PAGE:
Overview of Hidden Hunger in Africa
In sub-Saharan Africa, malnutrition is severe, with many challenges slowing improvement.
Over a third of the population suffers from undernutrition and the broad human, social and economic cost is devastating. Half a million children in sub-Sahara Africa die each year from common diseases because they are not protected by vitamin A.
Iodine and iron deficiencies impair the cognitive development of children – holding them back in school and limiting their potential as adults. Diarrhoeal disease remains one of the leading preventable causes of death of children under five.
While there have been some gains in reducing child deaths from preventable causes and giving children and families a better chance at life, more must be done.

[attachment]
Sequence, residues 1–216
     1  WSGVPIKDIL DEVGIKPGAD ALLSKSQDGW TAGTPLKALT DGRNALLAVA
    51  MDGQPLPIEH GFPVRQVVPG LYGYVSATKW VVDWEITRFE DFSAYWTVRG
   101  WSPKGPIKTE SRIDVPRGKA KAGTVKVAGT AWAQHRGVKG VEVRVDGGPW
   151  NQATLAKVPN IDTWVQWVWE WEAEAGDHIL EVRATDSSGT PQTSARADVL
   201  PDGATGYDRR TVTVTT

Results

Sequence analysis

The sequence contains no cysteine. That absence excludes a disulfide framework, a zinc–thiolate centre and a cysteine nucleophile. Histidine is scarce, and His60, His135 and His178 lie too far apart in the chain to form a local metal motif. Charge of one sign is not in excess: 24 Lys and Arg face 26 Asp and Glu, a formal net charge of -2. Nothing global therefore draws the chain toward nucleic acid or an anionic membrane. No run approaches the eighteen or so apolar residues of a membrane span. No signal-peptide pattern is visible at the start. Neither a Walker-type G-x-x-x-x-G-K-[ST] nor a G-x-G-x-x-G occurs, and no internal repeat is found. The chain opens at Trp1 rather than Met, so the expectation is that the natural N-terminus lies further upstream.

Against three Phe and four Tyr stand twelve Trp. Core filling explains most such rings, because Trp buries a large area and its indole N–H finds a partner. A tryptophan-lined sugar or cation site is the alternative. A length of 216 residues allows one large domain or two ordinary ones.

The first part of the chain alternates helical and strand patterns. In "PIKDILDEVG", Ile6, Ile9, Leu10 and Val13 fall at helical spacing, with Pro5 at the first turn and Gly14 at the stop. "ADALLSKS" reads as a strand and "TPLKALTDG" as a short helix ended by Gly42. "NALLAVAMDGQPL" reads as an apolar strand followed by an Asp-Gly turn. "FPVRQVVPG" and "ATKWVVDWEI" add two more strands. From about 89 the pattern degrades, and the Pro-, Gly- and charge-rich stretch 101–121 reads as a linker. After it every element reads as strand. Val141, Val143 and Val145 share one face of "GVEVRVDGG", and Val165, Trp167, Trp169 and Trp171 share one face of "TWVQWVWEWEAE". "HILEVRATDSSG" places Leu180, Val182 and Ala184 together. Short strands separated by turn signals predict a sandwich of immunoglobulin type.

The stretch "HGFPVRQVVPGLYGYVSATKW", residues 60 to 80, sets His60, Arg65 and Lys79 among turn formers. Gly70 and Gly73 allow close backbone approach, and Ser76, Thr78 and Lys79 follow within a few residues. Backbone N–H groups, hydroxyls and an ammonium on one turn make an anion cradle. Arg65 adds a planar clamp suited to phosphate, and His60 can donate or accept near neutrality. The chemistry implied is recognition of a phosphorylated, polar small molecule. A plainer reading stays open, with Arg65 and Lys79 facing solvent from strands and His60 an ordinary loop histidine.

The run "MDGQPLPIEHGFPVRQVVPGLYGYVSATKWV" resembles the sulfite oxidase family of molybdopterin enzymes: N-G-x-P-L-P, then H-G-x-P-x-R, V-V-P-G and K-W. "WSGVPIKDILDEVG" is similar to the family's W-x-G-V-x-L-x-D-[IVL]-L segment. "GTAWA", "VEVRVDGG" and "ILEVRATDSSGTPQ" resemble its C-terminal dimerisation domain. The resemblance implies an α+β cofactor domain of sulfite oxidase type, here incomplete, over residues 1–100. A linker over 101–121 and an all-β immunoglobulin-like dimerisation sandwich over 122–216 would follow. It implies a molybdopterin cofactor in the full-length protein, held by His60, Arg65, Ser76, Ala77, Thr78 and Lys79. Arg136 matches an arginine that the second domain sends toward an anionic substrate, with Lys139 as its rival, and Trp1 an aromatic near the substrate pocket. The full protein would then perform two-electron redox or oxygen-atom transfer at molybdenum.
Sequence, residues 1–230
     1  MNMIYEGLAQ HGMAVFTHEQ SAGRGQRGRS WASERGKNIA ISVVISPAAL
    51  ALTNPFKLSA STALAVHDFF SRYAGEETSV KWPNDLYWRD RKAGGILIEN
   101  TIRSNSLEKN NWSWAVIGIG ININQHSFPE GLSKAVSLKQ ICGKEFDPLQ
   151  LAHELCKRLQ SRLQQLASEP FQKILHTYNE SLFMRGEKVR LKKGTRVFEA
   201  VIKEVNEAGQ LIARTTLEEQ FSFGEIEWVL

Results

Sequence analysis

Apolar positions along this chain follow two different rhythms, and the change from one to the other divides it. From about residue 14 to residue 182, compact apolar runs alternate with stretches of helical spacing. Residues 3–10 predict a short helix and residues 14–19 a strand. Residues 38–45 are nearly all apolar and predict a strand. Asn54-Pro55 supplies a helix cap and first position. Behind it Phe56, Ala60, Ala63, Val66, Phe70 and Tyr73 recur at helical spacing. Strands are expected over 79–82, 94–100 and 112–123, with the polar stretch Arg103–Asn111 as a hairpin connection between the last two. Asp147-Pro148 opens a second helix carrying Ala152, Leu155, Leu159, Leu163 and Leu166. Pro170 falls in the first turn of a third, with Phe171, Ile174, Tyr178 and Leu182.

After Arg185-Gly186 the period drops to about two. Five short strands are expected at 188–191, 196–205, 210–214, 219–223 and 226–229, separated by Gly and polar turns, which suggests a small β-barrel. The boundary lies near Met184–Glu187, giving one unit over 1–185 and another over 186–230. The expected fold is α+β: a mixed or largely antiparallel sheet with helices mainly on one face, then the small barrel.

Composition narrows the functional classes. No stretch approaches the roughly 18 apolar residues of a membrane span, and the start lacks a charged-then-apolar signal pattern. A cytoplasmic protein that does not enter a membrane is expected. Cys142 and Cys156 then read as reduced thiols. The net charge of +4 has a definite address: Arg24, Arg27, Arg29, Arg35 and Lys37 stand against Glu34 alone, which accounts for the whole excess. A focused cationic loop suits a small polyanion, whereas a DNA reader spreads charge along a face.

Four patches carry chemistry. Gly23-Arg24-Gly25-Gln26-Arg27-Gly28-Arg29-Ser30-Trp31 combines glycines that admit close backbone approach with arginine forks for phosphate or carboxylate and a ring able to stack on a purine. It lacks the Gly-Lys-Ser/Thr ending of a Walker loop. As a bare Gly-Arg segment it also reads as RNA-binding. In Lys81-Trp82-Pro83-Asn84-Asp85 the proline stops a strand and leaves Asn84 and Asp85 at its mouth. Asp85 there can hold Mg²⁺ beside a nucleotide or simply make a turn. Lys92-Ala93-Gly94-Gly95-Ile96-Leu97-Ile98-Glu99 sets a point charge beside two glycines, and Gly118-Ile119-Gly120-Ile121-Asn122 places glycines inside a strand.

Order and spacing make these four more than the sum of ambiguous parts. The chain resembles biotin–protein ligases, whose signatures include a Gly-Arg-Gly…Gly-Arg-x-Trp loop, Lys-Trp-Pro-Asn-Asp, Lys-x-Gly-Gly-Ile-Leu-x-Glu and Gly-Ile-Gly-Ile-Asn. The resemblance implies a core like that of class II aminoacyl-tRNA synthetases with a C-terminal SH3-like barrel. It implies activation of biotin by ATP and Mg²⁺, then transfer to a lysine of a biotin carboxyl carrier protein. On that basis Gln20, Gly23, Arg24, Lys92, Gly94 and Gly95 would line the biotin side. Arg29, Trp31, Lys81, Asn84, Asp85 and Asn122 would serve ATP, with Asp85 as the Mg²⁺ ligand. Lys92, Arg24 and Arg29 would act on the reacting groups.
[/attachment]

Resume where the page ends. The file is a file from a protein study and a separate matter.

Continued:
MI is leading the charge to increase efforts to combat hidden hunger across the continent and save and improve lives.
There is renewed commitment, and gains are being made. The African Union and the African Ministers of Agriculture have acknowledged that food fortification is a critical strategy for reducing hidden hunger. Salt iodization efforts, in such countries as Senegal, Ethiopia, and others, are driving awareness for the importance and need for universal salt iodization in Africa.
More and more child survival programs are happening thanks to increased funding and delivery opportunities, and there is a stronger focus on integrating activities, particularly vitamin A supplementation.
MI is part of the solution. Together we are making a difference.
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